• <a href="" target="_blank">
    soulexpectation: Who came up with that bass line?

    _Seinfeld: The composer was Jonathan Wolff, and we were trying to come up with something that would not interfere with the standup portion in the beginning of the show. We didn't know how iconic it was going to be.
  • <a href="" target="_blank">
    Jabbari_Scrivvens: My question is how did you come up with Festivus and did you ever think that people would actually celebrate it?

    _Seinfeld: I didn't come up with it, it was the invention of Dan O'Keefe's father, who was a writer on our show. We never anticipated anything. I anticipated it would be a good idea that would get us through this week.
  • <a href="" target="_blank">
    hornedhawk: How would you describe Seinfeld in one sentence to someone who had never even heard of the show?

    _Seinfeld: Good question. I would describe it as "a very funny show from the 90's"
  • <a href="" target="_blank">
    DanielTaylor: In the TV show Seinfeld, Jerry was about to get a deal with the NBC to start producing a show about "nothing", basically making this a selfreference to the very show the characters where in. I have never stopped wondering what similarities there might be between the creation process of "Seinfeld" and the creation process of "Jerry". How did Seinfeld come to be? What obstacles did you face when pitching your idea of a show about "nothing"? Who supported you and who didn't?

    _Seinfeld: The pitch for the show, the real pitch, when Larry and I went to NBC in 1988, was we want to show how a comedian gets his material. The show about nothing was just a joke in an episode many years later, and Larry and I to this day are surprised that it caught on as a way that people describe the show, because to us it's the opposite of that.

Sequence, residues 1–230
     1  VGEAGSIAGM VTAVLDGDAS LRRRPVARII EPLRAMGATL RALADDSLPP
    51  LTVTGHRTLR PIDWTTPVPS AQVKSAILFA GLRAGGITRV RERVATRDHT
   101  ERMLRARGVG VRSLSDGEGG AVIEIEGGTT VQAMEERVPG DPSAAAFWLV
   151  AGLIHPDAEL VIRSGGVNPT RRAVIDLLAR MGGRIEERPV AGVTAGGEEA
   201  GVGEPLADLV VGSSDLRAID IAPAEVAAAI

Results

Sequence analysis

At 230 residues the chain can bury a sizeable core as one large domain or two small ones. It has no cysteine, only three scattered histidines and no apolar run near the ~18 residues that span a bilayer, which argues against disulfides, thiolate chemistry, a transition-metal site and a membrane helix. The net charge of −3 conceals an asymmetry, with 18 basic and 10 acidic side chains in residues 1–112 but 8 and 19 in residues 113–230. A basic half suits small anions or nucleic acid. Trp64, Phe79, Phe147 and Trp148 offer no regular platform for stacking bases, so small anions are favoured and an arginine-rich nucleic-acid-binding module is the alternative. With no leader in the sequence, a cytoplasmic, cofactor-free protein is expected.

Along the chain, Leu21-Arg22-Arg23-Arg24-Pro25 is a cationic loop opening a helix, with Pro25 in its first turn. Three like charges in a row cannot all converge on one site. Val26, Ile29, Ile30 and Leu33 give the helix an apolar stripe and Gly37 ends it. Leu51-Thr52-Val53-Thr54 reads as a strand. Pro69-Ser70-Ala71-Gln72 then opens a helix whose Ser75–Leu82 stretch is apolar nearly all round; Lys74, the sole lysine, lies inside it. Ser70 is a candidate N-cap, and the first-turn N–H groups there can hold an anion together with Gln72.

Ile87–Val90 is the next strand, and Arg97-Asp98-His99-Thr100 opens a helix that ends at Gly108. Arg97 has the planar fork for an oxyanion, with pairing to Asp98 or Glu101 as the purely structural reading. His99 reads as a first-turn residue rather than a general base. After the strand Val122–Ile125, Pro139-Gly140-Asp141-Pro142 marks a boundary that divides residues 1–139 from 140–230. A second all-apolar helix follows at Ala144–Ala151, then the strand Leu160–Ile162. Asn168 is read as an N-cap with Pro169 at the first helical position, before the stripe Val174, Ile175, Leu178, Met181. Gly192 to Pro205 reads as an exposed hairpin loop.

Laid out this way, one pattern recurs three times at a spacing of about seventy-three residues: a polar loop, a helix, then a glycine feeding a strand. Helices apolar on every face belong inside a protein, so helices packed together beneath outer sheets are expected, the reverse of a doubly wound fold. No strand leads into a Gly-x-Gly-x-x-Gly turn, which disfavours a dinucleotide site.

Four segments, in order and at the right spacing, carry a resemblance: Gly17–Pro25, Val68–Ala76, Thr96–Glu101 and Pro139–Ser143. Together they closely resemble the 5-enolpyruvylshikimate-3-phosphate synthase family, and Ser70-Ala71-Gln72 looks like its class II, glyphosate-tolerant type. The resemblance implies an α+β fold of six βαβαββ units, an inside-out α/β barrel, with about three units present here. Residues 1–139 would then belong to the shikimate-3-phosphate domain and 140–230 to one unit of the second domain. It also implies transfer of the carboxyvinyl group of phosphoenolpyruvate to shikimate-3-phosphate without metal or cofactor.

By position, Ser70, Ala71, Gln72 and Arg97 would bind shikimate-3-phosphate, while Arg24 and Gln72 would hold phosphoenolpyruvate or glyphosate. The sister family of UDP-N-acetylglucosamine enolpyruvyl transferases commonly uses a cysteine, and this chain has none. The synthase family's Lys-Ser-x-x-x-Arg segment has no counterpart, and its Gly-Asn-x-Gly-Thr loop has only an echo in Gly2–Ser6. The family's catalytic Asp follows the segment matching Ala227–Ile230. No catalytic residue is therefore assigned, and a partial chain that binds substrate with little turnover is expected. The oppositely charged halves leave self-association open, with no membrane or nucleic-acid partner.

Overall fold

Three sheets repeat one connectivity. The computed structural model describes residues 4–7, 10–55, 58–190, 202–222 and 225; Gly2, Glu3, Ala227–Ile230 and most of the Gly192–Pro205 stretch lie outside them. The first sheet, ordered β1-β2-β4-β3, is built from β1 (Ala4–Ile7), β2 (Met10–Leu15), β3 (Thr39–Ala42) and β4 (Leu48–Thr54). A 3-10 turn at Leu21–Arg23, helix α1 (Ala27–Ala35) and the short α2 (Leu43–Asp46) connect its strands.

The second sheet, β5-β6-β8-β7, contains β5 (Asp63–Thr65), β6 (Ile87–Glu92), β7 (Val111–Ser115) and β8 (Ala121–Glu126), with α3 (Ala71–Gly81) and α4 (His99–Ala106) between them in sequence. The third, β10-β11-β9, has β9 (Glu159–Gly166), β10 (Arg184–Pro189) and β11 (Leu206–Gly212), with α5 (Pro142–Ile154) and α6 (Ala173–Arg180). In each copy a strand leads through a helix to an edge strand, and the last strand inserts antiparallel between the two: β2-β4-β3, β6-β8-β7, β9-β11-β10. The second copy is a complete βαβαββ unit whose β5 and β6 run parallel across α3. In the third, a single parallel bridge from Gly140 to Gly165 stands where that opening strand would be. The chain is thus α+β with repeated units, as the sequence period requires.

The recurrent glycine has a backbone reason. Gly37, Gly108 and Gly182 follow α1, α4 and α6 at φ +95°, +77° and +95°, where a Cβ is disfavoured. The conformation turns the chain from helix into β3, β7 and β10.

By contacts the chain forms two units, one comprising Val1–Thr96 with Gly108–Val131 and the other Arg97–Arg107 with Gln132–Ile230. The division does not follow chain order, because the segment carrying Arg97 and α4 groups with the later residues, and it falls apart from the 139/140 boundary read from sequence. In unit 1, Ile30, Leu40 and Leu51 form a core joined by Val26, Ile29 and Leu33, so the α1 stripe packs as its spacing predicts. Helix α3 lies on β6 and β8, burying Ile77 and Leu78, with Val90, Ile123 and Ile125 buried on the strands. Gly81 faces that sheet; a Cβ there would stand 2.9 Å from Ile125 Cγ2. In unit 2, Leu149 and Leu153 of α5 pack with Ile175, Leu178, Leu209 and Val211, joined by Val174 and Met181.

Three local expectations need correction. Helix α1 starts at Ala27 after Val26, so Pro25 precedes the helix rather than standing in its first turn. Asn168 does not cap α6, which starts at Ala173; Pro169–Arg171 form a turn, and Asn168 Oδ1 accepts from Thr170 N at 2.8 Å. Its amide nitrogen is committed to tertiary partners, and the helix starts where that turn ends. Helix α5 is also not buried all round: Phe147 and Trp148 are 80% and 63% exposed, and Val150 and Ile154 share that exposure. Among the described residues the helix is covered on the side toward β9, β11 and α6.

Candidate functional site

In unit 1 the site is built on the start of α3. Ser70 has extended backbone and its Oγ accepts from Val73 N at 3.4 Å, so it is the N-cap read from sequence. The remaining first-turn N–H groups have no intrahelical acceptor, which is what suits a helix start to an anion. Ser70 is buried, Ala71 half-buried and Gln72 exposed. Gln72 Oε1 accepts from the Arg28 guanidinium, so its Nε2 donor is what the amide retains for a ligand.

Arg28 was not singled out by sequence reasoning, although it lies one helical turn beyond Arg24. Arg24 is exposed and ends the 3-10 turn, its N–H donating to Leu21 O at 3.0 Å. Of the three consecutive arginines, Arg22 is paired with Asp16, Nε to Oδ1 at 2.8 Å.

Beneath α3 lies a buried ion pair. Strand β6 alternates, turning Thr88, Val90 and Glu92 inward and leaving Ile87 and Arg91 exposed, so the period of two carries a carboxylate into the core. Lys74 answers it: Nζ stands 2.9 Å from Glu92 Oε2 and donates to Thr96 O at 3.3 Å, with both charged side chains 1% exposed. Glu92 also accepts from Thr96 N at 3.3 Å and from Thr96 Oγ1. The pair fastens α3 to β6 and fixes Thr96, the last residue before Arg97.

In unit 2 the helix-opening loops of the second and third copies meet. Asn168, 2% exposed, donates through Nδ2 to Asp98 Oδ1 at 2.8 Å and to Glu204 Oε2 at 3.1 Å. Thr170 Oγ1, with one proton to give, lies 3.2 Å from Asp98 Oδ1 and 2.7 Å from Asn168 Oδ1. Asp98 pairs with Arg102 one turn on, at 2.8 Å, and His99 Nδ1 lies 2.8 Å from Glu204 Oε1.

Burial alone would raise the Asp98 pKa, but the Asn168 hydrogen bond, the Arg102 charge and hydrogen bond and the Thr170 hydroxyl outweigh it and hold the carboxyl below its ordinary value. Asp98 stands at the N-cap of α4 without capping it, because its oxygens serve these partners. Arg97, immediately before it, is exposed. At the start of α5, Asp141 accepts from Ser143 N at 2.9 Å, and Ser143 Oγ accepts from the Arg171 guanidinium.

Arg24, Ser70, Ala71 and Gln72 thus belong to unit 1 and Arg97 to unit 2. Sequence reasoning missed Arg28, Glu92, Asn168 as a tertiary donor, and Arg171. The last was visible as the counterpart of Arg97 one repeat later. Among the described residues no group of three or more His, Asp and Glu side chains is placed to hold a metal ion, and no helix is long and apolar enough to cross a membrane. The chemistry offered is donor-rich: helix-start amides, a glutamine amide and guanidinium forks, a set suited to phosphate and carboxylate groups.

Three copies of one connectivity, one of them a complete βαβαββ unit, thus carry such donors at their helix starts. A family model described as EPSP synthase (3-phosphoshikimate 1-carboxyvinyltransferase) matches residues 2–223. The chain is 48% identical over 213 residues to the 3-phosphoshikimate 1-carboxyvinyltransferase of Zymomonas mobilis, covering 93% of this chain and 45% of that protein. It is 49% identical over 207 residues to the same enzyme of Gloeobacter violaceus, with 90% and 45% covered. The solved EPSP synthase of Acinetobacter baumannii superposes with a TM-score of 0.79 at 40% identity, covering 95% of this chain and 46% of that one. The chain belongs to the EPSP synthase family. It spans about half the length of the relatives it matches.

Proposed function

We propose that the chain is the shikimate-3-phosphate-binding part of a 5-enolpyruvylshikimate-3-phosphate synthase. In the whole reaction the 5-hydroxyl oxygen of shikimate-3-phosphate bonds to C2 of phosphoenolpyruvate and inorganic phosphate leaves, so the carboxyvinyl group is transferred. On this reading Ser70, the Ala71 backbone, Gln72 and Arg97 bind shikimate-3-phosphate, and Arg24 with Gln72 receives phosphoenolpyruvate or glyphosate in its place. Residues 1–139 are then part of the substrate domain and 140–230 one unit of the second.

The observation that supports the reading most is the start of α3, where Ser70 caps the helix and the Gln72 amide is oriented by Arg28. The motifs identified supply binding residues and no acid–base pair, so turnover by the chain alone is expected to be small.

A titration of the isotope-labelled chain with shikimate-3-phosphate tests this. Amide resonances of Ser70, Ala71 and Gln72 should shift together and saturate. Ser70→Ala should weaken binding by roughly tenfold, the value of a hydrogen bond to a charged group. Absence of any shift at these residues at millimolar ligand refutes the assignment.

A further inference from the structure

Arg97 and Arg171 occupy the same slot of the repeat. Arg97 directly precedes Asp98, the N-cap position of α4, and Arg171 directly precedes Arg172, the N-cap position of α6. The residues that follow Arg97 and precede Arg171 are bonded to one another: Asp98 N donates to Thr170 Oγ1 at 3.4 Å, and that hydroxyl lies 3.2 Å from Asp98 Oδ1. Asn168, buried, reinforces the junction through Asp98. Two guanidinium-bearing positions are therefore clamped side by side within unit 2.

• <a href="" target="_blank">
    DetroitPistons: Do you find yourself often quoting the more popular lines from the show? I use "these pretzels are making me thirsty" as often as I can.

    _Seinfeld: The only line I quote from the show (and I'll be very impressed if anybody out tehre remembers this line) is "If you're one of us, you'll take a bite." I find myself saying that to my kids a lot. It's a very obscure line, but George was working at some company where they all had lunch together, and he wasn't trying the apple pie, and the boss finally says "If you're one of us, you'll take a bite." A lot of times kids won't want to try certain foods, and so I'll use that line. Sometimes I'll quote Newman in flames screaming "Oh the humanity."
  • <a href="" target="_blank">
    twojaguars: What's the deal with airline food?

    _Seinfeld: The deal with airline food is they, everything is miniaturized, as if we're in Gulliver's Travels. I used to do a bit about the tiny airline world, about how everything is miniaturized, there's always a short delay, a little problem, we're going to be a tiny bit late.

Read the entire AMA here.